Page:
October 26, 2006

Movie Review: The Queen

Ask me about English royalty and you will get a blank look from me. Ask me what I know about Queen Elizabeth II, or Prince Charles, or the late Princess Diana, or Tony Blair and you will likely get a shoulder shrug and a mumbled " I dunno" out of me. In other words, I am the ideal candidate to see The Queen. Or not.

The movie takes a look inside Buckingham palace as the nation, and the world, look on waiting for some sort of reaction to the death of Princess Diana in August of 1997. It is a blend of archival, news footage and newly filmed footage all put together with the intent of giving us a look inside as those behind the walls deal with their own personal reactions weighed against what they believe is expected of people in their position.

I would be lying if I said that the material was a little dry. At the same time, it was also intriguing to see this clash of the modern world with the centuries old traditions of royalty that have developed. It is the sign of a changing world where what the people expect does not fall in line with the old ways that the Royal Family follows. For such a drastic change to happen, there are a lot of pains that must be struggled with, those old traditions are a hard habit to break, especially if that is all that you know.

The Queen pits the new modern world, led by the newly elected Prime Minister Tony Blair (Michael Sheen), against that of the old, led by Queen Elizabeth II (Helen Mirren). It is an intimate view of this struggle to come to grips with a world that is changing, seemingly to quick to keep up with.

The film opens with the election of Tony Blair and his first meeting with the Queen while holding that title. For her it was just another meeting with another Prime Minister, filled with tradition, and more than a little uncomfortable for Blair, who has what could be considered radical thoughts on the modernization of the country. Fast forward a few months to that fateful day when Princess Diana and Dodi Al-Fayed were killed in a tragic car accident in Paris.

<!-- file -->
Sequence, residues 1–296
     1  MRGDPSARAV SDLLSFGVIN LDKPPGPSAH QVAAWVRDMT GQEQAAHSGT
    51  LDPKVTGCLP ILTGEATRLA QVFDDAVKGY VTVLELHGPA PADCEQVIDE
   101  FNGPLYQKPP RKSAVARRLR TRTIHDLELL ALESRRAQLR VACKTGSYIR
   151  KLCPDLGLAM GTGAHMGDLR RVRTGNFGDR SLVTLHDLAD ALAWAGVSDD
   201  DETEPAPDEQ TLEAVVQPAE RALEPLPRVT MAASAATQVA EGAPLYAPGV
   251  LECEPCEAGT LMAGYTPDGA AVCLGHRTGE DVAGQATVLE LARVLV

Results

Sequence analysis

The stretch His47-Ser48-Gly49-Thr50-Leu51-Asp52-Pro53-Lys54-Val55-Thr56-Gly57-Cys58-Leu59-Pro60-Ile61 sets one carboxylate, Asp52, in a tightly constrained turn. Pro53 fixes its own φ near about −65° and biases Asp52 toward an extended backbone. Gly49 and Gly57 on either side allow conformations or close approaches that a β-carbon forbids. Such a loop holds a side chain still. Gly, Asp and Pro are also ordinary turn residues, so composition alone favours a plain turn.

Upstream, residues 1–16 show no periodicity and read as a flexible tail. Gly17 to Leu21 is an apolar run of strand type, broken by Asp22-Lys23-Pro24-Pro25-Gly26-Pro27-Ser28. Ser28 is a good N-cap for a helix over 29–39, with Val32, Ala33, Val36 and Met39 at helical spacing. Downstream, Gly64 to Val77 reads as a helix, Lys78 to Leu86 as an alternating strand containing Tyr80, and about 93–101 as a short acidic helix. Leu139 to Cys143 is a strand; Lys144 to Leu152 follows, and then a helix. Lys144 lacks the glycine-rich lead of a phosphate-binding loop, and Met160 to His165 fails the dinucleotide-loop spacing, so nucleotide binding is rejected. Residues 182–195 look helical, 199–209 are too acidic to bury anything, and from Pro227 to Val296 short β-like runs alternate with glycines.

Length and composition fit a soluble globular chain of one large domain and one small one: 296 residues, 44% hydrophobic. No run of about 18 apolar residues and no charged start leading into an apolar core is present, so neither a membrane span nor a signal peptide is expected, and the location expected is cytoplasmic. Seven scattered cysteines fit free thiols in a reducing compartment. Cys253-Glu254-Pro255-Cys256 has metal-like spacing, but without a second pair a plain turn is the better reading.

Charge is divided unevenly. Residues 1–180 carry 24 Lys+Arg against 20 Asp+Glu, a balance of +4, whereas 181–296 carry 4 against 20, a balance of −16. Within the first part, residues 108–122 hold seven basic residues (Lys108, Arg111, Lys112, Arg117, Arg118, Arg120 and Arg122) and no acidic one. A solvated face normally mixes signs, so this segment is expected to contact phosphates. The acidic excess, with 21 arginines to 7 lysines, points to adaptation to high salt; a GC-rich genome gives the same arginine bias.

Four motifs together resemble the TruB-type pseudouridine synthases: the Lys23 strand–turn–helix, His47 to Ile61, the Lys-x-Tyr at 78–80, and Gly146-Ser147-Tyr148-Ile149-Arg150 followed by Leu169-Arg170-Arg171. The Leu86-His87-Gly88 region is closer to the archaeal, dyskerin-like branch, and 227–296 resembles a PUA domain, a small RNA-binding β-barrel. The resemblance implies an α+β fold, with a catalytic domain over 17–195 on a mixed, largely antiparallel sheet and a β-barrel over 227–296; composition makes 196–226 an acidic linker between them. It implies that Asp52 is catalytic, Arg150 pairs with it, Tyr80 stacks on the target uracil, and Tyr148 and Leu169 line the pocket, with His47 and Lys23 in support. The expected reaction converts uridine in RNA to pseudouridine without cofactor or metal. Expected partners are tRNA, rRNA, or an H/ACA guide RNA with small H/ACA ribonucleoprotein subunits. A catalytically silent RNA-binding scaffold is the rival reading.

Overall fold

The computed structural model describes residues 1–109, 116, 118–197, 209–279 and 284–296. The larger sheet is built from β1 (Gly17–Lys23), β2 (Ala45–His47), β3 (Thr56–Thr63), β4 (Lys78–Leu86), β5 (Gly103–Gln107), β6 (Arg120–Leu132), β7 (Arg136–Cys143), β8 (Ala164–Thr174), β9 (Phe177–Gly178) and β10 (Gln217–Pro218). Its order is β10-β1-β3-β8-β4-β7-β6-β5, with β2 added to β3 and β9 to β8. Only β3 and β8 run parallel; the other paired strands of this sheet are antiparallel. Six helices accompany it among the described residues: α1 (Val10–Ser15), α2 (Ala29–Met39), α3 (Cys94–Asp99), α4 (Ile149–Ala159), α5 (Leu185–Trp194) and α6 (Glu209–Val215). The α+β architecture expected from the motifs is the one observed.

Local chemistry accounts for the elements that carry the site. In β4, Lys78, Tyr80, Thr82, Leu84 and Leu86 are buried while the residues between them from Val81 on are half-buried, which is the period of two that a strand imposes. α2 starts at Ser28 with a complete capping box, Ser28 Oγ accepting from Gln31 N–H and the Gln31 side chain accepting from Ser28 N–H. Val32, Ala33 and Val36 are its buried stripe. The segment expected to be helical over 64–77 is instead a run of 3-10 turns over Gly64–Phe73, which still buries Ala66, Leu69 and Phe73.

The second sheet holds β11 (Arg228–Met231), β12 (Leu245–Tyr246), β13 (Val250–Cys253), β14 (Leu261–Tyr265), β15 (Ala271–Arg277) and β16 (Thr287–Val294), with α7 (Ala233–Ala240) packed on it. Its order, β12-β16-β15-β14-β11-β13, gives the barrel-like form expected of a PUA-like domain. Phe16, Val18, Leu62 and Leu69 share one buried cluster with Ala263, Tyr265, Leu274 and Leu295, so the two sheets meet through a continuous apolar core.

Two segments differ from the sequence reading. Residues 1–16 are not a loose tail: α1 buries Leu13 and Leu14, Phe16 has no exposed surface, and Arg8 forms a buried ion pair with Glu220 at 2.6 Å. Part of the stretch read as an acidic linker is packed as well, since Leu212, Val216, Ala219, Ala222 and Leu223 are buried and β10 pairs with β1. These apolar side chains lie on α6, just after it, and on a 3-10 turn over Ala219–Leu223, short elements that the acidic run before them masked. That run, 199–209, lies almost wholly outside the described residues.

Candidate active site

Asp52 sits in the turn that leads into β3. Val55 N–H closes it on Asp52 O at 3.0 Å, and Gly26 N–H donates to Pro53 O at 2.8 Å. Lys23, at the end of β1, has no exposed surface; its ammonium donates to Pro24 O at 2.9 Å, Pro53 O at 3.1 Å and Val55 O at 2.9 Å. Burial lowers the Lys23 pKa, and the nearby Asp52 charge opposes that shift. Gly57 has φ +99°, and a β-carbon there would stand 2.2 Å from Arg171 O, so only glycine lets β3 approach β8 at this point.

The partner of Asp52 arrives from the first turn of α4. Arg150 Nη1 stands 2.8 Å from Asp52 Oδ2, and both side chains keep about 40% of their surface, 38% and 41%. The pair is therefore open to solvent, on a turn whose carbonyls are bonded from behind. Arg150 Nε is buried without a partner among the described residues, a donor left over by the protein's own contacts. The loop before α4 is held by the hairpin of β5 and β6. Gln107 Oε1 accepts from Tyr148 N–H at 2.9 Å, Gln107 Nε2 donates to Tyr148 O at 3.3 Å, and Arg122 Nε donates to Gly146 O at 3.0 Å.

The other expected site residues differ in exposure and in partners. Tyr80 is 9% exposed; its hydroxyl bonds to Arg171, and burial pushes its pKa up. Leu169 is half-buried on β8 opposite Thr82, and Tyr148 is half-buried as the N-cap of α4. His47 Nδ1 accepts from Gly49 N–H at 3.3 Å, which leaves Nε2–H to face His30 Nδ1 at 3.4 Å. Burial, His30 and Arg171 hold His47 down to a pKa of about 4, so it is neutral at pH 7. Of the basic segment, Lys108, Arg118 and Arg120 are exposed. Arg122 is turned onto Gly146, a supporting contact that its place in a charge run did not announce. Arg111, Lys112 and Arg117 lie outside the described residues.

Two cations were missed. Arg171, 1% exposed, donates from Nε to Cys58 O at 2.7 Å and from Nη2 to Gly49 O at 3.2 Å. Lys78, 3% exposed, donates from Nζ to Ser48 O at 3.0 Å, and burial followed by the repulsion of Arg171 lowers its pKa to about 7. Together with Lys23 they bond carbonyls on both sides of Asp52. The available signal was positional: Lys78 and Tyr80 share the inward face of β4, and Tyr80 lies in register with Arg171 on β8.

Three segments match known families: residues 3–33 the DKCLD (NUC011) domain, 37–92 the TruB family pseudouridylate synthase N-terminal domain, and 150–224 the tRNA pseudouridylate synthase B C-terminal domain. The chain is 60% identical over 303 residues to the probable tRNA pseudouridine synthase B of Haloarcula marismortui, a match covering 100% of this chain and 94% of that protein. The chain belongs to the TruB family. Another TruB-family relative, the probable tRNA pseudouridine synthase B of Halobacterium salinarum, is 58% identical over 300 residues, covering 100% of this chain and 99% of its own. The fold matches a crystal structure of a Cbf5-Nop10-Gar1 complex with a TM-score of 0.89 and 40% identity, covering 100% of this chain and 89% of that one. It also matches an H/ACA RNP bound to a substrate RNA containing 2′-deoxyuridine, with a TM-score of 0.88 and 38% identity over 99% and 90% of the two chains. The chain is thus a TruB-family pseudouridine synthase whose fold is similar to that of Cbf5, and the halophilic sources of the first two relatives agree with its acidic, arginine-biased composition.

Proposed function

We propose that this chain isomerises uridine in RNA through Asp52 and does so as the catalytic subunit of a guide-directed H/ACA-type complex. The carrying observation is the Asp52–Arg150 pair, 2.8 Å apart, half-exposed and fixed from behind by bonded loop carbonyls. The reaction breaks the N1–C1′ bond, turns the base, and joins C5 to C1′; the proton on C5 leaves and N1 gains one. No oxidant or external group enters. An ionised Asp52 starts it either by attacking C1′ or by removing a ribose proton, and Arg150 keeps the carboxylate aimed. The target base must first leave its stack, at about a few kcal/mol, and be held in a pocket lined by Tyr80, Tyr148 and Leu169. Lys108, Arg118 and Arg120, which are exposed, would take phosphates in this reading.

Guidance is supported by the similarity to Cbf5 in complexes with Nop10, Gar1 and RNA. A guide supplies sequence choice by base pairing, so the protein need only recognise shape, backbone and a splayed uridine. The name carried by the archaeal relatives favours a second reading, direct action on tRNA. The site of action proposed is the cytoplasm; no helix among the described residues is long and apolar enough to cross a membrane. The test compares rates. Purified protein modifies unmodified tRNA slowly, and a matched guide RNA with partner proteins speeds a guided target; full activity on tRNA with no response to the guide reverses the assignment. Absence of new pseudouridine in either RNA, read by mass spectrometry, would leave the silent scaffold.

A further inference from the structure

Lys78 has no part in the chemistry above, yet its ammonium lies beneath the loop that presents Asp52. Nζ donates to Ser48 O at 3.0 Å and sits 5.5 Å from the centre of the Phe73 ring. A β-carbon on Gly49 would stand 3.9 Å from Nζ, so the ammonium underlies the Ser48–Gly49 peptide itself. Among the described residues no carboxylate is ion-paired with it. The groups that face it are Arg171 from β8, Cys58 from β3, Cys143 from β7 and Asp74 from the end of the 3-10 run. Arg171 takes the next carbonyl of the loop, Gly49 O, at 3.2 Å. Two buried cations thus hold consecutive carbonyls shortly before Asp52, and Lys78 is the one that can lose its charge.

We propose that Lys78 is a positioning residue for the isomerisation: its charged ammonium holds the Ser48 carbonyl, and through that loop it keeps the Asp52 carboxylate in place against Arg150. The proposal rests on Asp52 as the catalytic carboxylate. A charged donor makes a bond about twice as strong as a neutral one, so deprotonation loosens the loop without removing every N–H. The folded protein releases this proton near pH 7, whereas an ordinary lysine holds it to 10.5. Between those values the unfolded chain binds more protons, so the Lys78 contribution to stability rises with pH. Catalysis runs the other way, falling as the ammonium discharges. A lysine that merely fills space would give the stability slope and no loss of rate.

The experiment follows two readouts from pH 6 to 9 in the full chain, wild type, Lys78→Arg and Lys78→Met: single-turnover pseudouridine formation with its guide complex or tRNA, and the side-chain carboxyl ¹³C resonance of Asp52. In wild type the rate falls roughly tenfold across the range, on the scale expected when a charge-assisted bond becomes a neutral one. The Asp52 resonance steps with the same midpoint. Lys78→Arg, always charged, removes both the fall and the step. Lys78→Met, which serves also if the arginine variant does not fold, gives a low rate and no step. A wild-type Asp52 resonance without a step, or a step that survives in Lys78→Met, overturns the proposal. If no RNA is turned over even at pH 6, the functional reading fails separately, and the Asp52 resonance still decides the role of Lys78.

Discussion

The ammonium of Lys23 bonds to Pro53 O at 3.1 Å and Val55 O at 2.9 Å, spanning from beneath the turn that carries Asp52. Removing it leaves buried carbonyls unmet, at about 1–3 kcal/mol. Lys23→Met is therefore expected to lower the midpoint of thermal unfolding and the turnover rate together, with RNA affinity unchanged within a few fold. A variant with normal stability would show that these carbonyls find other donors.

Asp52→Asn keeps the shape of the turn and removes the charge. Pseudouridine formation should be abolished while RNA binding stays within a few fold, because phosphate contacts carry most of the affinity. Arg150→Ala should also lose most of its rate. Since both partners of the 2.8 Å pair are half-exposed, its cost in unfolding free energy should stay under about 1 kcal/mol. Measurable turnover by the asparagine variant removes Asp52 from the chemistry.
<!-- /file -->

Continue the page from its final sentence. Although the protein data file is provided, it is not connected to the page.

The majority of the film deals with the week from the Princess' death and her burial and the reactions coming from the Queen. Queen Elizabeth II's first thoughts are for her grandchildren and by keeping themselves distanced from the event. She is more than content with letting Diana's family deal with the private funeral. However, considering how much of a public figure that Princess Di was, how beloved by the people, standing by what she believes to be right may not have been the right decision.

The Prime Minister has other thoughts, first making a public appearance and statement before turning his attentions to the lack of action from the throne. The remainder of the film deals with Elizabeth's struggle to come to terms with the rapidly changing world.

This film was very good. Helen Mirren and Michael Sheen absolutely carry this film with their excellent portrayals of the Queen and Prime Minister. Mirren, in particular, is quite moving. The role is a stoic one, and there is so much that plays across the face of Mirren. Her performance is quiet, subtle changes are what make it work. The rest of the cast is also quite good, particularly James Cromwell as Prince Phillip, who can hardly contain his distaste for the late Princess, and Alex Jennings as Prince Charles, portrayed as a man who is scared of the Queen as he tries to make buddies with Prime Minister Blair.

Peter Morgan has written a quietly insightful screenplay, full of sly humor. The subject may seem a bit dry, and it is, but the script does manage to keep it interesting. It is a smart, intelligent script that invites the viewer to think about it, to become part of the implications of what happened, see how the country was changing before her very eyes. Director Stephen Frears, who also directed last year's excellent Mrs. Henderson Presents, delivers a tight film that focuses on the performances, nothing that crosses the screen is without purpose.

Bottomline. I may not have the greatest interest in the Royal Family, but this film does offer some insight to what happened behind, primarily, closed doors. Basically, this is a quietly beautiful film, anchored by some fine acting performances.

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Anonymous said...

The late Quentin Crisp spoke truthfully, if bluntly, that Princess Diana's own fast and shallow lifestyle contributed to her demise: "She could have been Queen of England -- and she was swanning about Paris.   What disgraceful behavior. Going about saying she wanted to be the queen of hearts. The vulgarity of it is so overpowering." (Atlanta Southern Voice, 1 July 1999).

The "queen of hearts" remains the poster girl of superficial culture and narcissistic celebrities who go emoting about everything and nothing of substance.  But who was she really?

Both Diana and her brother, Charles Spencer, suffered from Borderline Personality Disorder caused by their mother's abandoning them as young children.  A google search reveals that Diana is considered a case study in BPD by mental health professionals.

For Charles Spencer, BPD meant insatiable sexual promiscuity (his wife was divorcing him at the time of Diana's death).

For Diana, BPD meant intense insecurity and insatiable need for attention and affection which even the best husband could never fulfill.  From a BPD perspective, it's clear that the Royal family did not cause her "problems". Rather, she brought her multiple problems into the marriage, and the Royal family was hapless to cope with them.

Her illness, untreated, sowed the seeds of her fast and unstable lifestyle, and sadly, her tragic fate.

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